The strength of our democracy is that it ultimately finds the right mix and the right thing to do (unfortunately, as Churchill stated, that's only after we've "tried everything else")
    The assertion that Progressives believe that “Money and power are inherently evil” is a gross distortion.  History has made it clear that money and power are corrupting forces - not that all will succumb but many have. It would be ignorant to turn a blind eye to any who wield a significant amount of either.

    The strength of our democracy is not some abstract thing that fixes the problems for us - it is PEOPLE willing to stand up and defend democracy.  And democracy does not protect against poor decisions being made - but the hope is that rational debate between bright minds from a diverse array of perspectives will yield better results overall.
  • Reply 93 of 104
    SpamSandwichSpamSandwich Posts: 31,087member
    SpamSandwich said:

     FDR, among the US Presidents was probably closest to being an actual dictator.
    Trying to be generous here - I sincerely hope you mean that relatively and that you are using a Very long yardstick with which to measure. But, seriously, suggesting a whiff of dictatorship...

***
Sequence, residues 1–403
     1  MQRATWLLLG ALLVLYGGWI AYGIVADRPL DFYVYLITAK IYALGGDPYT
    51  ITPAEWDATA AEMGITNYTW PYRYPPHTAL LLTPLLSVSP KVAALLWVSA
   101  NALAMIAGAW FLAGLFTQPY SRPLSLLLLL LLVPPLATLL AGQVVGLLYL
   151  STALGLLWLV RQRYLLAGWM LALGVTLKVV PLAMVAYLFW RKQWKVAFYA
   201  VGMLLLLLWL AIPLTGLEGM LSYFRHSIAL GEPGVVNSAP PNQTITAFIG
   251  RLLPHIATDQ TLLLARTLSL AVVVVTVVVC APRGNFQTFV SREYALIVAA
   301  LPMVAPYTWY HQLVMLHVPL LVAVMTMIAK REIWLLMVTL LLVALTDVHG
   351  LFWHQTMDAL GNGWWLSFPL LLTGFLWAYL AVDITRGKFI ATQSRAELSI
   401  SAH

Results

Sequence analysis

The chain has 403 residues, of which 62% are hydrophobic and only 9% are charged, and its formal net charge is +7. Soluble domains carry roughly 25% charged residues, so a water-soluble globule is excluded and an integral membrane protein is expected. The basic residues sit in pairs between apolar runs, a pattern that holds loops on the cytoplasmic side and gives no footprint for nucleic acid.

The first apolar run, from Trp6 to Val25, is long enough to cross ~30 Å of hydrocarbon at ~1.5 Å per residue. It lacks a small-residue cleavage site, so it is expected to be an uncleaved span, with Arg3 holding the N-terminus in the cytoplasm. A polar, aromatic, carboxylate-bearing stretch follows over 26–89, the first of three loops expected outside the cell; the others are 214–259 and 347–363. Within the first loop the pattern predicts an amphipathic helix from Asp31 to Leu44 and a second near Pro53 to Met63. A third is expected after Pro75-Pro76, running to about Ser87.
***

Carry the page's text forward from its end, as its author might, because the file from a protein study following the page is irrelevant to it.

And then there is relativity to being a dictator versus acting like a dictator.  Thinking in terms of the latter, a different name than FDR’s comes to mind.
    If you’re suggesting President DT is even remotely like a “dictator” that’s laughable. He’d be considered the least effective dictator in history. Dictators don’t allow their critics to live to oppose them.
  • Reply 94 of 104
    Well Warren just killed her campaign. I was hoping she'd be Bernie's VP. Shame AOC isn't old enough to run.
  • Reply 95 of 104
    spice-boyspice-boy Posts: 813member
    mknelson said:
    I’ve played Monopoly before and once one player owns Boardwalk, Park Place and all the railroads and utilities, all the other players are screwed.
    That was the point of the original "Landlord's Game" which monopoly is based on. It was used to demonstrate the "evils" of monopolies and some other over-the-top forms of capitalism gone amok.
    Monopolies aren’t a product of free market capitalism. They’re a product of protection FROM the rigors of competition, aka: corporatism or crony capitalism.
    up is down because I say so? please do some research in a history book regarding monopolies before making statements like that again. 
  • Reply 96 of 104
    GeorgeBMacGeorgeBMac Posts: 4,453member